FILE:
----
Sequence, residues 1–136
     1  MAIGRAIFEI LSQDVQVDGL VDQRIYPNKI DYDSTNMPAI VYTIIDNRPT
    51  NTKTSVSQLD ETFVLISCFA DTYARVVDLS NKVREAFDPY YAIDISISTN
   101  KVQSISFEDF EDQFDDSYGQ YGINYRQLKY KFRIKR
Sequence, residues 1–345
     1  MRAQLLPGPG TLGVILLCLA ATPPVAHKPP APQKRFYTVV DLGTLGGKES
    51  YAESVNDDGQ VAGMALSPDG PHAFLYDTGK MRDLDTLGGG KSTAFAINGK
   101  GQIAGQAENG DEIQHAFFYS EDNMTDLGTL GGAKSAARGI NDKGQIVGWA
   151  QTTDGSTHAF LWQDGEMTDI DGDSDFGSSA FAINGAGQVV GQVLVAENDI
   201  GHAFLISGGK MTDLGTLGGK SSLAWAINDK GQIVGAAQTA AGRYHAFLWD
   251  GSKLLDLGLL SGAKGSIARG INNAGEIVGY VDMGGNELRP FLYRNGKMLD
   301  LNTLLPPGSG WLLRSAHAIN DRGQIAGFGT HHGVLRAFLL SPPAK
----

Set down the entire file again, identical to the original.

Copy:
Sequence, residues 1–136
     1  MAIGRAIFEI LSQDVQVDGL VDQRIYPNKI DYDSTNMPAI VYTIIDNRPT
    51  NTKTSVSQLD ETFVLISCFA DTYARVVDLS NKVREAFDPY YAIDISISTN
   101  KVQSISFEDF EDQFDDSYGQ YGINYRQLKY KFRIKR
Sequence, residues 1–345
     1  MRAQLLPGPG TLGVILLCLA ATPPVAHKPP APQKRFYTVV DLGTLGGKES
    51  YAESVNDDGQ VAGMALSPDG PHAFLYDTGK MRDLDTLGGG KSTAFAINGK
   101  GQIAGQAENG DEIQHAFFYS EDNMTDLGTL GGAKSAARGI NDKGQIVGWA
   151  QTTDGSTHAF LWQDGEMTDI DGDSDFGSSA FAINGAGQVV GQVLVAENDI
   201  GHAFLISGGK MTDLGTLGGK SSLAWAINDK GQIVGAAQTA AGRYHAFLWD
   251  GSKLLDLGLL SGAKGSIARG INNAGEIVGY VDMGGNELRP FLYRNGKMLD
   301  LNTLLPPGSG WLLRSAHAIN DRGQIAGFGT HHGVLRAFLL SPPAK